Tesla Motors, with the unveiling of the Supercharger Network, may have opened a can of worms, offering free electric vehicle charging for life.
Take a look around the world, and you’ll find government incentives encouraging the adoption of electric vehicles, arguably the cleanest vehicles available. Free electric vehicle charging, convenient parking, access to the HOV lanes, and tax incentive are very appealing to many drivers.
Of course, the statement in the first paragraph applies only to Tesla Model S with the 60kWh or 85kWh battery packs. One estimate puts the cost of running a Tesla Model S on Supercharger power alone for 100,000 miles at $5,000.
Additionally, local businesses and municipalities are offering free electric vehicle charging stations to attract customers. Of course, electricity isn’t free, and doesn’t look to become free anytime soon. The only way we could approach that is to install only solar-powered chargers, which have just the upfront and perhaps some maintenance costs, but what of the hundreds of free electric-vehicle charging stations that are connected to the grid? Considering that there aren’t all that many electric vehicles on the road today, maybe it isn’t costing that much, yet.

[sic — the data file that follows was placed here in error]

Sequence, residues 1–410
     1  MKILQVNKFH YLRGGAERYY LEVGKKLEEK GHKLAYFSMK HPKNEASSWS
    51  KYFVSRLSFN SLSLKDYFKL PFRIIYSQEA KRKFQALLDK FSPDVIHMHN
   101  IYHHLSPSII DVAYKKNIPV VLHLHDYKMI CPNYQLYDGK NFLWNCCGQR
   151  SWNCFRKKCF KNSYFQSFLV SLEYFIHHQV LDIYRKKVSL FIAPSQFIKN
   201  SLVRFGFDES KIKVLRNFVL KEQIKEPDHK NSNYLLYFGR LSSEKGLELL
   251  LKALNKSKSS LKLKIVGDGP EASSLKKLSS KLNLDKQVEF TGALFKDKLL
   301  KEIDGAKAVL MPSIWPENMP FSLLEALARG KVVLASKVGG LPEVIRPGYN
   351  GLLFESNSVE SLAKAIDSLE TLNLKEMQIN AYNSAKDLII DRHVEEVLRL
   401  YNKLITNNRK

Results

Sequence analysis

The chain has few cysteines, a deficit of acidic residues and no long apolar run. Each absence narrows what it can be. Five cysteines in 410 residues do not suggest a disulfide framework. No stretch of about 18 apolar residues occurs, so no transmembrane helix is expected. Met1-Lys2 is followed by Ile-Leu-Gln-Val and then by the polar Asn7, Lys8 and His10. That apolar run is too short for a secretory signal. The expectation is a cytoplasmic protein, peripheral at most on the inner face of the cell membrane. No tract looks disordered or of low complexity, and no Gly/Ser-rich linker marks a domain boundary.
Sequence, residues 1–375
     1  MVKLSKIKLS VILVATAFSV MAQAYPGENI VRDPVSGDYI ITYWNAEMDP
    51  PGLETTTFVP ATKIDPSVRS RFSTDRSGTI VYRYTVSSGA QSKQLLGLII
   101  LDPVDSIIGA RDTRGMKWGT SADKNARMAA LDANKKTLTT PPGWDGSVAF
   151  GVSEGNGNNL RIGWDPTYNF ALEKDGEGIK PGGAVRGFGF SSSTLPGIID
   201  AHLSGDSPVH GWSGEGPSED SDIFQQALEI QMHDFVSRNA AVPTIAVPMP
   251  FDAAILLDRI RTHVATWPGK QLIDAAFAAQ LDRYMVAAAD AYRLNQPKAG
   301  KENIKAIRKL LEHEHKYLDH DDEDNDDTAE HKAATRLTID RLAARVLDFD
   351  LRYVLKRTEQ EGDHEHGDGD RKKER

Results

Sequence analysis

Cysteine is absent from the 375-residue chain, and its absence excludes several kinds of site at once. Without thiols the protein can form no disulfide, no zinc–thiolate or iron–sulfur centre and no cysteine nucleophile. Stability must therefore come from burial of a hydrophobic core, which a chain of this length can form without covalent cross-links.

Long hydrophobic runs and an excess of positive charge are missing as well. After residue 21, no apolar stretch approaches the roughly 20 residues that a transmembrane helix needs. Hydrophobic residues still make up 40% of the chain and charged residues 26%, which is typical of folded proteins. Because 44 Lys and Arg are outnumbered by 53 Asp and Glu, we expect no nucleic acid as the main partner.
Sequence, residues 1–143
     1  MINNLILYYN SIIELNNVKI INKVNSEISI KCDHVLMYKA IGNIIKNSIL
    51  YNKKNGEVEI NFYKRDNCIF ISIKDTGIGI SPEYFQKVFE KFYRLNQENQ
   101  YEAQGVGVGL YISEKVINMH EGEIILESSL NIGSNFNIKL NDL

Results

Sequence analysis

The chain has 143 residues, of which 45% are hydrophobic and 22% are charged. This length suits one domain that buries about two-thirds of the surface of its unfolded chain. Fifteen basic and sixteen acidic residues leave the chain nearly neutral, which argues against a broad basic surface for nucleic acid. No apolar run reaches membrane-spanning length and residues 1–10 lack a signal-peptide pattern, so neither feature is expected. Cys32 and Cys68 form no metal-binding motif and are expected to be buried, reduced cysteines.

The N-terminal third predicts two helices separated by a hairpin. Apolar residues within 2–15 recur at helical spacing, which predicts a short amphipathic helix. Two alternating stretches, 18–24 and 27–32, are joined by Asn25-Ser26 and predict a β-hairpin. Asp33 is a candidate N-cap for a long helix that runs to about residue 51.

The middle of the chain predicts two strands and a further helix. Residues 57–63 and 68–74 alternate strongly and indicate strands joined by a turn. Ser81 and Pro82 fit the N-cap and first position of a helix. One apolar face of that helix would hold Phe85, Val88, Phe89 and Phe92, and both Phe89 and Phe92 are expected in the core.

Sure, there are plenty of pay-to-charge services available, and according to a study done by Coulomb Technologies, electric vehicle owners are willing to pay about $1/hr, but think that $2/hr is too expensive.
Realistically speaking, the average electric vehicle charging for an hour uses 3.3kWh at a cost of 50¢, so $1 is probably about right considering equipment and convenience charges. Once more electric vehicles get on the road, free charging will start to add up, and when does the incentive become a burden? Are the days numbered? Probably so.